Oscar-nominated director Lasse Hallstrom is unapologetically a creator of cinema sappiness. Whether it be The Cider House Rules or What’s eating Gilbert Grape, Hallstrom turns the sentimentality dial so far up that it makes Spielberg look like David Fincher. And it would be no coincidence that A Dog’s Purpose comes from Spielberg’s very own Amblin Entertainment evident by the movie’s old fashion “aw shucks”vibe. It reaches in every corner of nostalgia and schmaltz. Unfortunately, for what the movie tries to accomplish in heart it fails in story. The movie may be a sweet spot for dog lovers, but you won’t be able to shake the manipulative soppy narrative.

Based on the book of the same name, A Dog’s Purpose follows the lives of Bailey the dog who is reincarnated as different dogs through history. Being adopted mid-20th Century by all American rural boy Ethan, Bailey and his owner share over a decade of memories. They are inseparable until Bailey grows old and dies only to come back in a totally different life yet with all memories intact. This movie moves forward in vignettes as Bailey is adopted by different people hoping he finds the purpose of life.

A Dog’s Purpose is made with sincere intentions and at times can be incredibly charming and sweet. It’s most compelling when it shows the bittersweet relationship of owner and dog when life is cut short. It’s a touching yet sad experience that will make dog owners cling to their furry companion tighter or remind previous pet owners of the ones they’ve lost. The rural backdrop is shot quite beautifully although the dog point of view shots are overused. Unfortunately, nostalgia is given the backbone of the movie while poorly written characters and bland stories fill out the rest.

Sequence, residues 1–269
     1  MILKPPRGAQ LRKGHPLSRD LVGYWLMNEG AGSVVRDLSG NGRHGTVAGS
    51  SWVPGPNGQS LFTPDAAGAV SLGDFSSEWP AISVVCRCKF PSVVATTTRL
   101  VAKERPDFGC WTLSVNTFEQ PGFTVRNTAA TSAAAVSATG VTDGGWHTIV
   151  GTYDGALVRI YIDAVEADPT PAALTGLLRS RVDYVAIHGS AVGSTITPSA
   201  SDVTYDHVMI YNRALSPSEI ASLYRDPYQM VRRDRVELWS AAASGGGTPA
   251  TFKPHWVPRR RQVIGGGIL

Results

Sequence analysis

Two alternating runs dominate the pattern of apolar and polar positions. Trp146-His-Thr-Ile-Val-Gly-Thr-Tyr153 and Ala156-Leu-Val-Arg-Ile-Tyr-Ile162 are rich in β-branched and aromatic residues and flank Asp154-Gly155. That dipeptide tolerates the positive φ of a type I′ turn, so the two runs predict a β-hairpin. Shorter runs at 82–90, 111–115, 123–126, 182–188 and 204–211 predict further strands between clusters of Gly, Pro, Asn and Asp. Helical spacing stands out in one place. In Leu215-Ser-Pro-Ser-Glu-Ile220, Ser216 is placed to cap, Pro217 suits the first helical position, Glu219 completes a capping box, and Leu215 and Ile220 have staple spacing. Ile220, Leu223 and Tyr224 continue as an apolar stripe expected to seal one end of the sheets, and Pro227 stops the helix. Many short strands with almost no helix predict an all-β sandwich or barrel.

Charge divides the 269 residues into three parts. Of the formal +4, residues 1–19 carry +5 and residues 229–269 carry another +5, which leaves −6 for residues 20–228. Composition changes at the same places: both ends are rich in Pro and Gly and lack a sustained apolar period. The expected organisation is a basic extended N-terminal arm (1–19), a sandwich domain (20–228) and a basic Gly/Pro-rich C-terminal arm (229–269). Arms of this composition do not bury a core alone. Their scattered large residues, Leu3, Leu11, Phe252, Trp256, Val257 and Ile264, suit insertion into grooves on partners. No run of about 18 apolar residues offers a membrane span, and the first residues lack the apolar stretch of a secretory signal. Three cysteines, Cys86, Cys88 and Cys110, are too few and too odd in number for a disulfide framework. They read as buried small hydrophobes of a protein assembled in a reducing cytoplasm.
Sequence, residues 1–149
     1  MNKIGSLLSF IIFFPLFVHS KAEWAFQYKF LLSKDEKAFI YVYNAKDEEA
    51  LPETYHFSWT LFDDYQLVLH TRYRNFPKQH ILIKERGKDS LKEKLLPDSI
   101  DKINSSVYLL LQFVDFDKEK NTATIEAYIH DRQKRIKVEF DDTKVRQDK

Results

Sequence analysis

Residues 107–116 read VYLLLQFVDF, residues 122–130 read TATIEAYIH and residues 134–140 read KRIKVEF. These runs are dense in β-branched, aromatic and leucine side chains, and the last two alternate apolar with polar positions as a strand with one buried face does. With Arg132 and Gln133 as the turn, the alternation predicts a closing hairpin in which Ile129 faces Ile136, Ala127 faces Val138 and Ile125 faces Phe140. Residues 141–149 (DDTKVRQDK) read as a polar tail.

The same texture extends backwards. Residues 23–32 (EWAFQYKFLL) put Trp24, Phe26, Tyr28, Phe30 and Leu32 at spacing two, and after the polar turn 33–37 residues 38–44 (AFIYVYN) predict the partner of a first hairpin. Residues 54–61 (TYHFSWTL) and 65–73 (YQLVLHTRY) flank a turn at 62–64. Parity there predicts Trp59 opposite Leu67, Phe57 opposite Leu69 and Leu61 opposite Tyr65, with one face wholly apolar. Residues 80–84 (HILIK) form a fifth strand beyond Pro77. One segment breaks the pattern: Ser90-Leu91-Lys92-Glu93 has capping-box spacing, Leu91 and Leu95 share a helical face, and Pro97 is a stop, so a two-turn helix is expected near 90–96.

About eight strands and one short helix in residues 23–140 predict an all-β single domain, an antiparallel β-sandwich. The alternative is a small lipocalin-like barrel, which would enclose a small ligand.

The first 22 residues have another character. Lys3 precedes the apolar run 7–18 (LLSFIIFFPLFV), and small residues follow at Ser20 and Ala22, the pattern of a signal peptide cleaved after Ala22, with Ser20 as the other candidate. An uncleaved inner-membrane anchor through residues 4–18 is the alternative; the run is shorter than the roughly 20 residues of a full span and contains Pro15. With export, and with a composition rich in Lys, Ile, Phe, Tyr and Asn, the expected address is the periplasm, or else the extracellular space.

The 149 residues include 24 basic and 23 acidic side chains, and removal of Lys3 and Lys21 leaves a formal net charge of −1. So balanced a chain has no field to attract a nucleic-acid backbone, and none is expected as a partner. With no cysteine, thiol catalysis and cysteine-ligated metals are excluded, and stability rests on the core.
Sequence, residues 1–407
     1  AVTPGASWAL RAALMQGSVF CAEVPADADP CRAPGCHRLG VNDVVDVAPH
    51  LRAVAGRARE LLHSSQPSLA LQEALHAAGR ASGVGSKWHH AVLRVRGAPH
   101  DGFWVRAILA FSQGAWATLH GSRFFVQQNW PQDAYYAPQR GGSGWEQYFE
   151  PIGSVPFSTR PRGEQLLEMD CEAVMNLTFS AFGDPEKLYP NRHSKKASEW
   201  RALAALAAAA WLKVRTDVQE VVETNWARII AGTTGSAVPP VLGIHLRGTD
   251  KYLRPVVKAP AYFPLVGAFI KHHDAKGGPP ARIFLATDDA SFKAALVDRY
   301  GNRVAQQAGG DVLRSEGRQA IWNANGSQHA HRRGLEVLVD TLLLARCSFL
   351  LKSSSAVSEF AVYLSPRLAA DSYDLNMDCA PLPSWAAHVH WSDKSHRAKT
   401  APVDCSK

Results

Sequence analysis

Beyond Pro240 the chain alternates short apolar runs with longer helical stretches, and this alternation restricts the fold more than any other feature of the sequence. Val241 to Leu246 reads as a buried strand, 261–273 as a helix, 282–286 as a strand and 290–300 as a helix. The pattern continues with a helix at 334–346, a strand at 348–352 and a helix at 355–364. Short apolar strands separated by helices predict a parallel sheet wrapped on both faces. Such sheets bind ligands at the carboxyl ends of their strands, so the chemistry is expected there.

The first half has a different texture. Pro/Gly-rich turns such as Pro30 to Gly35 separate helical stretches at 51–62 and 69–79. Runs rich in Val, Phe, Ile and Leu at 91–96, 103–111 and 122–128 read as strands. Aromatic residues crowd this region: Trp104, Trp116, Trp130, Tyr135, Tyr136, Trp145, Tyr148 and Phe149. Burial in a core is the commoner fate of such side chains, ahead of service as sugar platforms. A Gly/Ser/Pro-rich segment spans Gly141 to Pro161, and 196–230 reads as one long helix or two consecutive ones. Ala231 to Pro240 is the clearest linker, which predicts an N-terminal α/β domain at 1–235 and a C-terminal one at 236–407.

The humans that surround Bailey are hollow without any real motivation that drives them. Newcomer K.J. Alpa carries the bulk of the screen time (at least the heart of it) as teenage Ethan, but even his clean-cut looks can’t hide that he is a pretty dull character. And that goes for much of the cast including Ethan’s sweet but tough girlfriend and a cop who trains Bailey as a police dog in another life. Even by the time Dennis Quiad shows up in the third act, you’ve lost all hope for any fully developed characters. Loneliness seems to be a common theme, but it barely scratches the surface. When the credits roll you will wonder if you just witnessed a Lifetime movie. You may even shed a tear seeing Bailey die but when all said and done was any of it deserved?

Josh Gad returns to the recording booth post Frozen and The Angry Birds Movie as the voice of Bailey the dog. Gad is fine working his usual innocence and curiosity through his raspy speckled vocals but at times you may wonder why we can hear Bailey’s inner thoughts. His narration rarely advances the story other than exposition or a wise crack. He can’t interact with the humans or even other dogs. It’s an unnecessary tool that exists for the sheer pleasure of charm. Giving Bailey a voice takes away from the human’s stories. Each character is given uneven screen time and the time lapse happen so fast that you begin to question what decade you are in. Exploring the changing world is another missed opportunity that could have easily added to character development given the advancing decades.

For better or worse, A Dog’s Purpose parallels many family friendly movies of the early 80s and 90s. It’s Beethoven meets Old Yeller. It’s sometimes funny, sometimes tragic, but always sappy. It’s a tear jerker that is difficult to resist. It’s not the worst family movie you will see at the theater and it’s not trying to be anything more than a guilty weep fest. You may get a tear but you also may throw up with the overdose of spoon-fed sentiment.